Music = Love

Let’s face it: Music’s a hard business. Whether you’re a band plugging away, making the best music that you can, or a booking agent trying to put all the pieces together, it’s still an uphill battle to get people out and to get recognized.

If we were to think rationally, we wouldn’t choose a career in music. Why would we? The hours are long, the process is hell, and the pay is often nonexistent. Odds are we’ll all fail; 99% of bands never hit the big-time, the golden ticket. Yet we continue to pursue our passion, taking time away from our families and friends while spending money we don’t have, struggling with our creative muse in the hopes that something bigger lies ahead.

The reason, my friends, is love. Quite honestly, we love music; it’s what fulfills us, nourishes us. We love listening to it; we love creating it; we love playing it. Truth is, we’re drawn to it like a moth to a flame; true, it may consume and ruin us, but it’s also what keeps us going.

British mellow rockers Prefab Sprout have a new album out entitled Let’s Change the World With Music. On it, the ruby-throated creative genius Paddy McAloon returns to the subject of music again and again in an attempt to capture what this muse does to us. Most of us can relate to his words.

On “I Love Music,” McAloon explains the reason for his love: “I love music, she holds the keys/ to unlock heartaches, and silver stardust memories…/ When that sweet angel sings/ I believe that/ I have wings, too.” How many of us can relate? Music is a mystical, beautiful, inspiring creature; by the art of listening or playing we, too, attain mystical status.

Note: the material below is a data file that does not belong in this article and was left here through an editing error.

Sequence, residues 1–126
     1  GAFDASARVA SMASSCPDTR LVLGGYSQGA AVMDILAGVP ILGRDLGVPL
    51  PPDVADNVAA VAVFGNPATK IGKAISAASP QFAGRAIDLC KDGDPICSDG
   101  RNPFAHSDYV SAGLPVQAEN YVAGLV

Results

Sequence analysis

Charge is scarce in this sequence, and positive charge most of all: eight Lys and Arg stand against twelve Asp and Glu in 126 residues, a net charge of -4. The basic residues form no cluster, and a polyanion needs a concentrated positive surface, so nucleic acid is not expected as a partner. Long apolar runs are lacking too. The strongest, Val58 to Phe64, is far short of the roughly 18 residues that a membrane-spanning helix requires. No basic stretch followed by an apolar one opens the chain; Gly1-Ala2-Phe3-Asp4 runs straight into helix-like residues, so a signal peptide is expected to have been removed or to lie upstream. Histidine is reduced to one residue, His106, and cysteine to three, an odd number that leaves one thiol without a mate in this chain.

“Music Is a Princess” finds the singer admitting, “Music is a princess/ I’m just a boy, in rags/ I would gladly spend my life/ carrying her flags.// From the first time I heard her/ the sound of her voice/ and her beauty completely bewitched me./ I was lost then and there” We give ourselves completely to our muse, chasing greatness. It’s the breath we draw and the blood coursing through our veins; it’s what keeps us alive.

Finally, on “Sweet Gospel Music” (yes, there are that many songs with “music” in the title) shows music as salvation: “My poor heart was heavy/ my poor heart was stone./ Then I heard them—they were angels/ and they were singing: “You’re not alone.”

Love, that’s what it’s about: our love affair with music. Maybe she’s the one who’s bad for us but we just can’t stay away; maybe she’s the one who inspires us to be a better person than we are. But does it really matter? The best thing that can happen to a person is to have someone special to love—even if that someone is a beautiful, elusive, angelic muse. We’re in love, plain and simple…and maybe that’s enough.

Laura Hamlett

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